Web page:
[updated 8/15] At the invitation of Temple Micah‘s Lunch and Learn program (8/10/16), I shared some thoughts about Jews and Racial Justice. I appreciate the opportunity. As promised, I offer the references cited for anyone who wants to explore further: Jews and Racial Justice reference page. I also include below a link to the SongRiseDC rendition of Ella’s Song (from Ella Baker & Sweet Honey and the Rock) that I was unable to share during the talk.
And just to clarify: I share in these “Trouble to See” posts some views which are not my own, for purposes of learning and discussion. But nothing here is the view of Temple Micah.
Through this talk, I succeeded in annoying a number of people — including myself — for a whole variety of reasons. (I’d like to think that’s some sign of success, given the topic.) At best what I shared can only be the beginning of a long, complicated — and, ultimately, very difficult — conversation.
Trouble to See
Here’s the commentary —
This is the original post, from 2015, exploring the idea of taking “trouble to see” following the death of Walter Scott.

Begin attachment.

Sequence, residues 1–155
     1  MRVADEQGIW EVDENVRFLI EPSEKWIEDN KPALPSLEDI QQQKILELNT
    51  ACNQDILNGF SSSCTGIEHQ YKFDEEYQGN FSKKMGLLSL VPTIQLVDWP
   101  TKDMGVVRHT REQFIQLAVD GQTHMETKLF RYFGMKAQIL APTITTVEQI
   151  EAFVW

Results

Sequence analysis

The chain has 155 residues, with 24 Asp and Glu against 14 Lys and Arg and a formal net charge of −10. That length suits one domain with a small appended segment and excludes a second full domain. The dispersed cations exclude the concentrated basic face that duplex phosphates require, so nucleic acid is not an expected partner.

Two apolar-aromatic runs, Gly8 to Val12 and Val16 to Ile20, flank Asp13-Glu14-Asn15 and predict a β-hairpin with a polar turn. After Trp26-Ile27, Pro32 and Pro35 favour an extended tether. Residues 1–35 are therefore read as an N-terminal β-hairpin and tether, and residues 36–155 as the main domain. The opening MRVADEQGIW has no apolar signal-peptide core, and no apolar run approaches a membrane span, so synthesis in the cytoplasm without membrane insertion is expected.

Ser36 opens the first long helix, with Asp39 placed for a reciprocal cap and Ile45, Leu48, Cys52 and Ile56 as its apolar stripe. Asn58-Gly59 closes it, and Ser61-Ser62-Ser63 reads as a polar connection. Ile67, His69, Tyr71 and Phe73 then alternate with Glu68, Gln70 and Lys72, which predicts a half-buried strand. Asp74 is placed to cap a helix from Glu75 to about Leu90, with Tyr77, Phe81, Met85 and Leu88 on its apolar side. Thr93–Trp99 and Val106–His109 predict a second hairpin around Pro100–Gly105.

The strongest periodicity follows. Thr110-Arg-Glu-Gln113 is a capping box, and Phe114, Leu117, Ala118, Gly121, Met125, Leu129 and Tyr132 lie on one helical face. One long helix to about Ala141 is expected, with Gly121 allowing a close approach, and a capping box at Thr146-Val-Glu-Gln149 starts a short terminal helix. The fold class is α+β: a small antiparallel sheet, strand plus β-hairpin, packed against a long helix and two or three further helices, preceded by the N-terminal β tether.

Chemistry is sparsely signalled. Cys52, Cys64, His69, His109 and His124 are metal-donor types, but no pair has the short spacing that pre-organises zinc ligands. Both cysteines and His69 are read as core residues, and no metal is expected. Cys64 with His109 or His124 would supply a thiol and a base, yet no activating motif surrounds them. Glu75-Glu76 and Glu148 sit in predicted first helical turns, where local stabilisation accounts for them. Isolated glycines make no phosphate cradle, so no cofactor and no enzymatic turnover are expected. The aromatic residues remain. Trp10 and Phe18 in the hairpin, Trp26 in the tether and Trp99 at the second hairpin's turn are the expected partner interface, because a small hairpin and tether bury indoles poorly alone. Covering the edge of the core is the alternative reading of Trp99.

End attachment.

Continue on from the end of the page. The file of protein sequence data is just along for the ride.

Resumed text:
Expelling Creases from the Fold
As part of this exercise in turning the neck, taking “trouble to see” aspects of our past experience in new light, I shared a portion of my memoir/essay, “Skins,” which will appear in the forthcoming Expelling Creases from the Fold, an anthology published by Liberated Muse Arts Group. Thanks to Liberated Muse for allowing me to share this material in advance of its publication.
Sorry I could not share the SongRise version of “Ella’s Song” during the lunch today. For all in the room today — and anyone else who does not know “Ella’s Song” — as SongRise’s Sarah Beller explains in her introduction: The lyrics are words of Ella Baker, one of the founders of Student Nonviolent Coordinating Committee, and the music was created by Sweet Honey and the Rock.
Last note: the SongRise video cuts off mid-way through their second powerful number, “A Change is Gonna Come.” more on that later…